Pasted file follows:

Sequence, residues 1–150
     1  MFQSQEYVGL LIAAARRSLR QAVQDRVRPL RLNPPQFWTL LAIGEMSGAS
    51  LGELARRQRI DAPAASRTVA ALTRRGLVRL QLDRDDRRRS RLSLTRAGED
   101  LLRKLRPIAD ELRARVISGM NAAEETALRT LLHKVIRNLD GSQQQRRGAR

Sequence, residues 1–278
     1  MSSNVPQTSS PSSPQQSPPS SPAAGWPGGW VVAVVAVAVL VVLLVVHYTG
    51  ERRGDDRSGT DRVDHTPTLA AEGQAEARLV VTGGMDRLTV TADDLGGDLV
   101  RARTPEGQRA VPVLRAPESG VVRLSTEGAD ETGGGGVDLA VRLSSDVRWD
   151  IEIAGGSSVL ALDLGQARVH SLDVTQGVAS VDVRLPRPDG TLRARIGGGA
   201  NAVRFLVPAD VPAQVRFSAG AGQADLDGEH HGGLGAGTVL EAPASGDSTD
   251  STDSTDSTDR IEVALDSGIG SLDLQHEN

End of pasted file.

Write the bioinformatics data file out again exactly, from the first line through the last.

Sequence, residues 1–150
     1  MFQSQEYVGL LIAAARRSLR QAVQDRVRPL RLNPPQFWTL LAIGEMSGAS
    51  LGELARRQRI DAPAASRTVA ALTRRGLVRL QLDRDDRRRS RLSLTRAGED
   101  LLRKLRPIAD ELRARVISGM NAAEETALRT LLHKVIRNLD GSQQQRRGAR

Sequence, residues 1–278
     1  MSSNVPQTSS PSSPQQSPPS SPAAGWPGGW VVAVVAVAVL VVLLVVHYTG
    51  ERRGDDRSGT DRVDHTPTLA AEGQAEARLV VTGGMDRLTV TADDLGGDLV
   101  RARTPEGQRA VPVLRAPESG VVRLSTEGAD ETGGGGVDLA VRLSSDVRWD
   151  IEIAGGSSVL ALDLGQARVH SLDVTQGVAS VDVRLPRPDG TLRARIGGGA
   201  NAVRFLVPAD VPAQVRFSAG AGQADLDGEH HGGLGAGTVL EAPASGDSTD
   251  STDSTDSTDR IEVALDSGIG SLDLQHEN